|Cultivating the soil to break up weeds and applying herbicide||Planting green cover crops (such as clover, beans, peas, and buckwheat) to outcompete weeds|
|Breaking up the soil and mixing in synthetic fertilizer||Adding a layer of organic matter on top of the Soil, such as compost, well-rotted manure, leaf mold, or grass clippings|
|Clearing the soil surface of fallen leaves and planting your tomatoes||Clearing only enough space to plant your tomatoes and leaving the fallen leaves in-place|
|Pull up all spent garden plants at the end of the season and blend compost into the disturbed soil||Chop spent plants just above the soil line, remove only diseased material, and cover the area with a few inches of organic matter|
When Not to Go No-Till
There are a few instances in which no-till gardening may not be the most appropriate way to start the season.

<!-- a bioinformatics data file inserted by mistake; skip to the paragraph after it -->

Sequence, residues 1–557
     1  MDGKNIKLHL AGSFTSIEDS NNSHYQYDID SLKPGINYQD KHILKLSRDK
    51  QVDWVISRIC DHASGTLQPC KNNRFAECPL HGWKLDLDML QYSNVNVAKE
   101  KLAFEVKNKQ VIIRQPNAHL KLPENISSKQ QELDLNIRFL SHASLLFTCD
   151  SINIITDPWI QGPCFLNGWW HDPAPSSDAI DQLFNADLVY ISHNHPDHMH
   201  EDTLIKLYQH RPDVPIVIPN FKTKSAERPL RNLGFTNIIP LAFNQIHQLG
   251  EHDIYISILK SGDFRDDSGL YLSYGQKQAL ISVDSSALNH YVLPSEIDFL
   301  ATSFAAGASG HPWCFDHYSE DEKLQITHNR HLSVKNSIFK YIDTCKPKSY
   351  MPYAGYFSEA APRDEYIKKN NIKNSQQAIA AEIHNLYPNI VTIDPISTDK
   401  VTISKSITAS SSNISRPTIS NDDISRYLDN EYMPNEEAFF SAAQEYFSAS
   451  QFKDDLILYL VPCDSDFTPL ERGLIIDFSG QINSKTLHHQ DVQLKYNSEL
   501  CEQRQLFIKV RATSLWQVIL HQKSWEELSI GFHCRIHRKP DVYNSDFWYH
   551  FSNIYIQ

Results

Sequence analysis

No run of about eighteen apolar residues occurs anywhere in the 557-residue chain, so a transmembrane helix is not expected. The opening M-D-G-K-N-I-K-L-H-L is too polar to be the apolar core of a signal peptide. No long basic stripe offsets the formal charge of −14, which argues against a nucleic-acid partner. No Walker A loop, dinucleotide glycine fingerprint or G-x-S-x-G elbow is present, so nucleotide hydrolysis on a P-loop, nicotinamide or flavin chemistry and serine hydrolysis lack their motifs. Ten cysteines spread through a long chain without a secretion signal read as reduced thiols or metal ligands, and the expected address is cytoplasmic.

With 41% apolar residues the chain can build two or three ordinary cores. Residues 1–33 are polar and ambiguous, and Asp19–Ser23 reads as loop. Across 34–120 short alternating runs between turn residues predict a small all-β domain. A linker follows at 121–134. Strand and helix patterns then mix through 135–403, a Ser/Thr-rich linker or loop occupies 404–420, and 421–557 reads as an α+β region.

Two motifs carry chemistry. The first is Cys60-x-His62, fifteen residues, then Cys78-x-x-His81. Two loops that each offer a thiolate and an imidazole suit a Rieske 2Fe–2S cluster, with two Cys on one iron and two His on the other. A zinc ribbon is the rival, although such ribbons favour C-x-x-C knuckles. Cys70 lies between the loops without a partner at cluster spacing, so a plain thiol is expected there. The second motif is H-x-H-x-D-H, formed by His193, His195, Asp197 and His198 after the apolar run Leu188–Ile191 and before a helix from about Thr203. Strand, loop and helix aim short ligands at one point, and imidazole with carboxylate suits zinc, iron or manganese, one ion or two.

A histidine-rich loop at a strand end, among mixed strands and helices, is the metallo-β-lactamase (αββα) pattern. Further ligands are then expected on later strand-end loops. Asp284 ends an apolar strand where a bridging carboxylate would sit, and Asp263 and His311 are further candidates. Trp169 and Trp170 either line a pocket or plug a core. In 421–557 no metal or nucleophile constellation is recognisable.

- Root vegetables, like carrots and potatoes, require a fair amount of space below the surface in order to grow to a desirable size. Starting with fresh soil devoid of competing root systems will support a better harvest.
- Container gardens are artificial environments that aren’t compatible with no-till methods. Potting medium should be replaced annually, as containers are closed environments that don’t allow for the exchange of soil life, water, and nutrients with the surrounding area.
While we may know tillage as a time-tested traditional method, no-till gardening is as old as the Earth itself. As we seek to grow more sustainable gardens and eco-friendly outdoor spaces, it’s to our benefit to embrace the self-regulation of the natural world. Your garden beds may not look as manicured and pristine as your grandmother’s before you, but the soil below will remain healthy and fertile for generations to come.
For more information on no-till gardening and other sustainable methods, chat with our experts at one of our garden centres in the Edmonton area.